However, flexion–extension X-rays are still an important tool in the assessment of patients with cervical spine injuries, and may be useful in excluding dynamic instability, particularly in those patients who have sustained a significant ligamentous injury and no fracture.


CT scans have better validity than radiographs in assessing high-risk and/or multi-injured blunt trauma neck patients.31 There is evidence that CT should be the preferred imaging modality, replacing plain films in the initial evaluation of suspected cervical spine injuries.43

CT is superior to MRI in identifying bony injuries such as osseous fracture, vertebral subluxation/dislocation and locked facets.37

Modern CT alone is sufficient to detect unstable cervical spine injuries in trauma patients. Adjuvant imaging is unnecessary when the CT scan is negative for acute injury.44


MRI is not suitable for detecting fracture.

MRI is superior at identifying soft tissue injuries, such as spinal cord injury and ligamentous injury.37 MRI is preferred for evaluating possible ligamentous injuries in acute cervical spine trauma and possible spinal cord injury.39

Note that role of MRI in evaluating ligamentous and membranous abnormalities in patients with whiplash-associated disorders is controversial.45 There is evidence that MRI may not demonstrate soft tissue lesion in acute whiplash injury. MRI has been shown to reveal changes in the ligaments of the upper cervical spine in late stage whiplash injury; however, these findings may not be clinically significant, nor do they assist with treatment planning.31,45

MRI should be limited to patients in whom other studies are contraindicated or if the imaging fails to adequately clear the patient for suspected fracture.46

MRI is not required to clear the spine (rule out fracture) if a radiologist has reported a negative CT.44

Imaging issues, benefits and risks

MRI is able to detect abnormalities not present with other imaging.47 However, many findings will not be clinically significant.48

Despite its high sensitivity, in particular for soft tissue injury, MRI suffers from poor specificity in terms of determining clinically relevant information such as instability. It is thus rarely appropriate as a means of achieving cervical spine clearance.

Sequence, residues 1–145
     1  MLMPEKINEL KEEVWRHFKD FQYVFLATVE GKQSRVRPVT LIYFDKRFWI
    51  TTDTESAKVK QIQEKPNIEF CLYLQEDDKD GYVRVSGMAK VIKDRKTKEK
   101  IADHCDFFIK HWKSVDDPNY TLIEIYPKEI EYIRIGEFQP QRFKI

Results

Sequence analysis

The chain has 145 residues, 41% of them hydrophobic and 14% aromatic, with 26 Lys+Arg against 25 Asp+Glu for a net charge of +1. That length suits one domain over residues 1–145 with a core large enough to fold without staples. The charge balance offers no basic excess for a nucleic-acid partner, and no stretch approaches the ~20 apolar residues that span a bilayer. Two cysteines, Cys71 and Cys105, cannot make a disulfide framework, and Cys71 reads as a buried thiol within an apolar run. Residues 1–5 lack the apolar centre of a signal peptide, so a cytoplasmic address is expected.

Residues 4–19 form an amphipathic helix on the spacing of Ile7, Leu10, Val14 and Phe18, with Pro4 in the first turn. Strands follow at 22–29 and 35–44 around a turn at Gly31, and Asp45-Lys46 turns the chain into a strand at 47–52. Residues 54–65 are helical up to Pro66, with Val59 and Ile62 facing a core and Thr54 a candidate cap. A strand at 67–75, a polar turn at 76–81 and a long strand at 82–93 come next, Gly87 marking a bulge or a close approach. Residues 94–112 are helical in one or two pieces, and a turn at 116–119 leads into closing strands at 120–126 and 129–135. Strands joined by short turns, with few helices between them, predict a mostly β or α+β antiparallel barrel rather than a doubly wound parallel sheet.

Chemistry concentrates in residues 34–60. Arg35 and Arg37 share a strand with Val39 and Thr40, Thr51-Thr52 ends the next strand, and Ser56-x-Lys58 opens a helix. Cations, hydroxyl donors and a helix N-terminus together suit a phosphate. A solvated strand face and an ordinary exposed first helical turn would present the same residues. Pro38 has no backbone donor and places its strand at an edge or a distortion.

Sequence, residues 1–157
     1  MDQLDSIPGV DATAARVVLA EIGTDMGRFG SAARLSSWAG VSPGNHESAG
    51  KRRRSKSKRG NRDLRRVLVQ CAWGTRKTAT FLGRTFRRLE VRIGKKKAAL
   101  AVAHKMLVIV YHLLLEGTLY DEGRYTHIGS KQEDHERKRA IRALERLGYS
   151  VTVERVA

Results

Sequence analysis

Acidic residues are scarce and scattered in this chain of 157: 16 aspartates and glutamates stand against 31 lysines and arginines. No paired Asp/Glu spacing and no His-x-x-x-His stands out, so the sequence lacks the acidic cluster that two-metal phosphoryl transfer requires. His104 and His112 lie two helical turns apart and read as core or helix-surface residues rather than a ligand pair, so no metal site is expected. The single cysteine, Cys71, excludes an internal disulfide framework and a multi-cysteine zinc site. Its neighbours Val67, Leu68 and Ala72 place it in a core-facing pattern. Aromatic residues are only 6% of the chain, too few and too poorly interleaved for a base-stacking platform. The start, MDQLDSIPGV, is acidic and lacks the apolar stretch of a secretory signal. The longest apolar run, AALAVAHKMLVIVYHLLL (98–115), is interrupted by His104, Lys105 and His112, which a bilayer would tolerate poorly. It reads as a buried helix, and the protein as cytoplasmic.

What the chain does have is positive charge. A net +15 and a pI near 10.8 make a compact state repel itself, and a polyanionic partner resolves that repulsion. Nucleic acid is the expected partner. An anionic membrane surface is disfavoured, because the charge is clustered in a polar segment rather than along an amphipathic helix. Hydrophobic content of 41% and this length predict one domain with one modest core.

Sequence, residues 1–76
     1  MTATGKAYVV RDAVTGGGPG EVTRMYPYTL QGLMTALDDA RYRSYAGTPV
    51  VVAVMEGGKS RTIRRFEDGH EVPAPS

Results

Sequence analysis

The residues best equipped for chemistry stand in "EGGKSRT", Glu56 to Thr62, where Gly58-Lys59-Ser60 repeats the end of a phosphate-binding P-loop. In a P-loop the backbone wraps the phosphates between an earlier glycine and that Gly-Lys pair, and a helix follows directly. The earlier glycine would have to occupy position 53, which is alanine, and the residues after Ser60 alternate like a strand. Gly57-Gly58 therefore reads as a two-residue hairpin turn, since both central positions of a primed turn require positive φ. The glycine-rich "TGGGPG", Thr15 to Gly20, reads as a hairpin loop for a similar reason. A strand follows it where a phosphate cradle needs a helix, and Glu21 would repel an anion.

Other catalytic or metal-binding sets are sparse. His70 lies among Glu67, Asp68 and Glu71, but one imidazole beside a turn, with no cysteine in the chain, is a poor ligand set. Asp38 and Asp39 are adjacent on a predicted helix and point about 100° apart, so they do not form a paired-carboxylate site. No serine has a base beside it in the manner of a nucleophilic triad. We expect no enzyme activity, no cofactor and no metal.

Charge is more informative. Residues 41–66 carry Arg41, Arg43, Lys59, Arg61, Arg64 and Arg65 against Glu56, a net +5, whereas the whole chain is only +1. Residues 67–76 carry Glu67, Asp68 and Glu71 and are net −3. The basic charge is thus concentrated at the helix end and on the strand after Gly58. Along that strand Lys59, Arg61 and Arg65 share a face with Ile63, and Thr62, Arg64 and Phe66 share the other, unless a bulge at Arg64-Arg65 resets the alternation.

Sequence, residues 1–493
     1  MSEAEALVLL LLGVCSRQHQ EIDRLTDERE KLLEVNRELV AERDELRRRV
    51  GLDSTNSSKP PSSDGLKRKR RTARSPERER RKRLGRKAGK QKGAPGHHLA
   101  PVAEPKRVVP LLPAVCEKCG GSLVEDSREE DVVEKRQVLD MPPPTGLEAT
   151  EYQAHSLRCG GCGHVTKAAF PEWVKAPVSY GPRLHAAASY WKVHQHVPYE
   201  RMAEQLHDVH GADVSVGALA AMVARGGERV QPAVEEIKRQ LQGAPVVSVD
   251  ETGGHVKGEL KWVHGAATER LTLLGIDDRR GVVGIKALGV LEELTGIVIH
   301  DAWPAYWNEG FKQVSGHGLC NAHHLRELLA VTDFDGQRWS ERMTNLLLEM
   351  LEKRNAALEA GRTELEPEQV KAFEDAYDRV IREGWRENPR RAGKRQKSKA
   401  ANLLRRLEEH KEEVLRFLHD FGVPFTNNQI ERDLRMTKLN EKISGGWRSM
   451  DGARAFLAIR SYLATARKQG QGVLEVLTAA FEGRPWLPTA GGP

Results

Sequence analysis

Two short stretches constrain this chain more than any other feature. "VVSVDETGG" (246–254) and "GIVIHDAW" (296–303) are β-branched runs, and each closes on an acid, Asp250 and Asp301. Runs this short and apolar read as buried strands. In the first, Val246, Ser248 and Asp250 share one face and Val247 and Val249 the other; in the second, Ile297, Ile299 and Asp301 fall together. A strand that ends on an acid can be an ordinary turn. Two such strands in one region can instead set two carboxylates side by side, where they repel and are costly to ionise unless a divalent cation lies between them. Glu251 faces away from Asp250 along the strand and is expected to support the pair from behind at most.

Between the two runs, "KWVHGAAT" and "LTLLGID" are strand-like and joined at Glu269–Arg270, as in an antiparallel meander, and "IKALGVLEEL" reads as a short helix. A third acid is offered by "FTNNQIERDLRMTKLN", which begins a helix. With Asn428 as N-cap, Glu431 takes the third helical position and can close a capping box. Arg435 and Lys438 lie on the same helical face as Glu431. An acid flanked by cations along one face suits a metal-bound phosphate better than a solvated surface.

The risk–benefit ratio of obtaining MRI in addition to CT is not clear and its use must be individualised.37

  1. Nordin M, Carragee EJ, Hogg-Johnson S, et al. Assessment of neck pain and its associated disorders. Eur Spine J 2008;17(1):101–22.
  2. Guzman J, Haldeman S, Carroll LJ, et al. Clinical practice implications of the bone and joint decade 2000-2010 task force on neck pain and its associated disorders: from concepts and findings to recommendations. J Manipulative Physiol Ther 2009;32(2 Suppl):S227–S43.
  3. Como JJ, Diaz JJ, Dunham CM, et al. Practice management guidelines for identification of cervical spine injuries following trauma: update from the Eastern Association for the Surgery of Trauma Practice Management Guidelines Committee. J Trauma 2009;67(3):651–59.
  4. Daffner RH, Weissman BN, Angtuaco EJ, et al. ACR appropriateness criteria® – suspected spine trauma [Online publication]. Reston, VA: American College of Radiology, 2012.
  5. Blackmore CC. Evidence-based imaging evaluation of the cervical spine in trauma. Neuroimaging Clinics of North America 2003;13(2):283–91.
  6. National Institute for Health and Care Excellence (NICE). Clinical knowledge summaries: neck pain – whiplash injury.
  7. National Institute for Health and Care Excellence (NICE). Clinical knowledge summaries: neck pain – non-specific
  8. Greenbaum J, Walters N, Levy PD. An evidence-based approach to radiographic assessment of cervical spine injuries in the emergency department. J Emerg Med 2009;36(1):64–71.
  9. Blackham J, Benger J. Clearing the cervical spine in the unconscious trauma patient. Trauma 2011;13(1):65–79.
  10. Kongsted A, Sorensen JS, Andersen H, Keseler B, Jensen TS, Bendix T. Are early MRI findings correlated with long-lasting symptoms following whiplash injury? A prospective trial with 1-year follow-up. Eur Spine J 2008;17(8):996–1005.
  11. Horn EM, Lekovic GP, Feiz-Erfan I, Sonntag VK, Theodore N. Cervical magnetic resonance imaging abnormalities not predictive of cervical spine instability in traumatically injured patients: invited submission from the joint section meeting on disorders of the spine and peripheral nerves. J Neurosurg Spine 2004;1(1):39–42.
  12. Muchow RD, Resnick DK, Abdel MP, Munoz A, Anderson PA. Magnetic resonance imaging (MRI) in the clearance of the cervical spine in blunt trauma: a meta-analysis. J Trauma Acute Care Surg 2008;64(1):179–89.
  13. Schuster R, Waxman K, Sanchez B, et al. Magnetic resonance imaging is not needed to clear cervical spines in blunt trauma patients with normal computed tomographic results and no motor deficits. Arch Surg 2005;140(8):762.